Date of Graduation


Document Type


Degree Name

Master of Science in Crop, Soil & Environmental Sciences (MS)

Degree Level



Crop, Soil & Environmental Sciences


Kristofor R. Brye

Committee Member

Pengyin Chen

Second Committee Member

Edward E. Gbur

Third Committee Member

John C. Rupe


Biological sciences, Earth sciences, Arkansas, Carbon, Irrigation, Organic matter, Soil, Soybean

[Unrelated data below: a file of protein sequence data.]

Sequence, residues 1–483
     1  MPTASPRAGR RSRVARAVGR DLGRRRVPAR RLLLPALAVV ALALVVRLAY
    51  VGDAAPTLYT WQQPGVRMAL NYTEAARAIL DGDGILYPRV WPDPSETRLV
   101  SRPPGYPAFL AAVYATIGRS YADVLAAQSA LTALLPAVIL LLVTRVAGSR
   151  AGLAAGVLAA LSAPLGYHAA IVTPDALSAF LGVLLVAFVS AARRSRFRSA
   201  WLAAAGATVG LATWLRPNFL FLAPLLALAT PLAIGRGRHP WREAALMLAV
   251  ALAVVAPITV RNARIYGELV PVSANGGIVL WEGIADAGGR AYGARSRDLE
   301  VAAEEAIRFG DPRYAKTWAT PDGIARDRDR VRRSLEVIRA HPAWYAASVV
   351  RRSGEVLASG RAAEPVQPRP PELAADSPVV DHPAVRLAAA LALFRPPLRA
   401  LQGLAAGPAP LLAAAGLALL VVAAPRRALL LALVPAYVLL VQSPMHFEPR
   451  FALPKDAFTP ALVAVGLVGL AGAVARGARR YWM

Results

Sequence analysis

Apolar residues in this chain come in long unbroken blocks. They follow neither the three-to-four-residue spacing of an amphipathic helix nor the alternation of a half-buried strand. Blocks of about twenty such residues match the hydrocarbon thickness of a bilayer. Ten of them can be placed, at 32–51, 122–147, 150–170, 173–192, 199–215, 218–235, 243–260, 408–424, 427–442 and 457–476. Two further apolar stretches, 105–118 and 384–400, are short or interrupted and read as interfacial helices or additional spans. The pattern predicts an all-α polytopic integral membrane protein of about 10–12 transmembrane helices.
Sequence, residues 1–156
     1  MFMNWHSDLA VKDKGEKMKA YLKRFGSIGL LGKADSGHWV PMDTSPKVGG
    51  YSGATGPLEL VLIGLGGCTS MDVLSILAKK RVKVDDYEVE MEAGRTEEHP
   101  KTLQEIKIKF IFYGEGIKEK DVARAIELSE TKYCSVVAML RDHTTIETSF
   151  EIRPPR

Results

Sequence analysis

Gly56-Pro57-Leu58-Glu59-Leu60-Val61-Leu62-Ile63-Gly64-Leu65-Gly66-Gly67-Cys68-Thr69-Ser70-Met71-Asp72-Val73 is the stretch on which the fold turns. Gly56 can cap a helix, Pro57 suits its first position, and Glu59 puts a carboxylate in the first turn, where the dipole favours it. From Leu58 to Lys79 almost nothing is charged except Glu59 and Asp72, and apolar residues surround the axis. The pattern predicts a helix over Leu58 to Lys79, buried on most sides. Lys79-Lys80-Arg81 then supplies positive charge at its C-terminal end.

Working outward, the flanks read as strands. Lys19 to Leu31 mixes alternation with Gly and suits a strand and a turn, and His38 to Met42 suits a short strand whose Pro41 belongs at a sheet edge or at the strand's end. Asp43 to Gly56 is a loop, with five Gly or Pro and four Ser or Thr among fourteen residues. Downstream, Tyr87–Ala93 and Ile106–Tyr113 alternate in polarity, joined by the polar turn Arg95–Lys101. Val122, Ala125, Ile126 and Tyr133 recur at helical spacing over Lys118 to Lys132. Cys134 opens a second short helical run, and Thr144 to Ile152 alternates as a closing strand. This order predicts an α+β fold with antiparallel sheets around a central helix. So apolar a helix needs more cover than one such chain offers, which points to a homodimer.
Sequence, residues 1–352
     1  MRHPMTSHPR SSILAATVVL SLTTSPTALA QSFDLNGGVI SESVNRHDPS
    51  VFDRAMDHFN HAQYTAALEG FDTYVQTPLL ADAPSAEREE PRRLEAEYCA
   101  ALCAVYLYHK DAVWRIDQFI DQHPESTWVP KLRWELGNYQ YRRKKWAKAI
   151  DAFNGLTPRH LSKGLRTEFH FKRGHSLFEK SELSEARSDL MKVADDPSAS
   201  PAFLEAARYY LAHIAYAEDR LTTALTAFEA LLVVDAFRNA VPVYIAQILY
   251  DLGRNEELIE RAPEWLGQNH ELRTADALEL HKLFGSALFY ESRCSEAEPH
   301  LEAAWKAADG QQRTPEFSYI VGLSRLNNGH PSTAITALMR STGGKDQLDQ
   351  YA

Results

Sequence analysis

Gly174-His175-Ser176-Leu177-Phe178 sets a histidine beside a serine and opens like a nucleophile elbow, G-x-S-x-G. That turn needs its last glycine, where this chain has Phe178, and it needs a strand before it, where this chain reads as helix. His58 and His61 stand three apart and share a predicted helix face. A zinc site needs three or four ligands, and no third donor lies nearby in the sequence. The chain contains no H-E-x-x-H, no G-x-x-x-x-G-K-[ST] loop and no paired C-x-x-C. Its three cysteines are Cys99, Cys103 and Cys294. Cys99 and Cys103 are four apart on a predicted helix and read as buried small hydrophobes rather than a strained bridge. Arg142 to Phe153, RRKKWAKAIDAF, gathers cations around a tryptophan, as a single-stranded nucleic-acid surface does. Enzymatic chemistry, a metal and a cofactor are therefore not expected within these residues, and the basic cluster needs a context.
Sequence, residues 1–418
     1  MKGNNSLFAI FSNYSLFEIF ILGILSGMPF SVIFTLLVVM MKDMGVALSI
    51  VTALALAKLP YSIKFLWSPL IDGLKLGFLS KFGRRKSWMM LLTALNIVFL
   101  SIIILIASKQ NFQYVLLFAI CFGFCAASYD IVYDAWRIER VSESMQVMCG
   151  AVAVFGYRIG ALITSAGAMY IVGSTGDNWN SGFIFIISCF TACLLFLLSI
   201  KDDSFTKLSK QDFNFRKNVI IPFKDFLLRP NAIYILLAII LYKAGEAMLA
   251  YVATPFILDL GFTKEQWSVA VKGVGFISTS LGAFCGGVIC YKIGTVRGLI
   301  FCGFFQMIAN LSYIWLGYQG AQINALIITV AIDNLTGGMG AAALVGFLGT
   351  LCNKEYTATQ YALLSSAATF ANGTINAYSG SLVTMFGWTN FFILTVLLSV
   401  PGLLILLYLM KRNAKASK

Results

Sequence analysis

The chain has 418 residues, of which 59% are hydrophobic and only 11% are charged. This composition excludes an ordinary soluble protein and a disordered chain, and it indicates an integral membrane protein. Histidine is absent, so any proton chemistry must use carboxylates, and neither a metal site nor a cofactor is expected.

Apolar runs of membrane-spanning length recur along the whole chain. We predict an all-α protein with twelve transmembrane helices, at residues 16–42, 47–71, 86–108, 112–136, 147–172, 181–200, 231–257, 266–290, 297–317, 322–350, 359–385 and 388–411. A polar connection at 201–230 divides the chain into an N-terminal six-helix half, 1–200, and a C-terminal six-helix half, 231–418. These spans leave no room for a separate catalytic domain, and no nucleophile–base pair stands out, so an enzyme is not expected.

Adoption of management practices that maintain or increase soil organic matter (SOM), which contains 58% carbon (C) on average, may help to mitigate climate change by sequestering atmospheric C. Therefore, the main objective of this study was to determine the long-term trends in SOM, soil C and nitrogen (N), bulk density, various soil chemical properties (i.e., pH, electrical conductivity [EC], and Mehlich-3-extractable nutrients) in the top 10 cm, and soybean yield as affected by residue burning (burning and non-burning), tillage (conventional and no-tillage), irrigation (irrigated and non-irrigated), and N-fertilization/residue level (high and low) in a wheat (Triticum aestivum L.)-soybean [Glycine max (L.) Merr.], double-crop system in eastern Arkansas. The secondary objective was to determine the relationship between soil water potential (-MPa) and soil water content (g g-1) in the top 7.5 cm as affected by residue treatments. The field site has been consistently managed for 13 years at the University of Arkansas Lon Mann Cotton Research Station near Marianna, Arkansas on a Calloway silt loam (fine silty, mixed, active, thermic Glossaquic Fraglossudalf). Averaged across all other factors, SOM did not differ over time (P > 0.05) under irrigation, while SOM content increased over time (P < 0.05) until approximately nine years after initial conversion when SOM decreased thereafter under dryland production. Results indicated that irrigation management caused many of the largest differences in near-surface soil property trends over time, namely SOM and C, compared to the other field treatments. The relationship between the natural logarithm of soil water potential and the gravimetric soil water content was only affected (P < 0.05) by the N-fertilization/residue level treatment. Averaged across tillage, burning, and irrigation, soil water contents under high residue treatment exceeded those water contents under low residue treatment at the same water potential. The increased soil water retention under high residue treatment may be related to increased biomass inputs, SOM accumulation, and soil aggregation at the < 2mm level compared with low residue treatment. Understanding the long-term effects of growing-season weather patterns as well as irrigation, burning, tillage, and fertilization management on near-surface soil properties is critical to developing sustainable agricultural practices in the mid-South.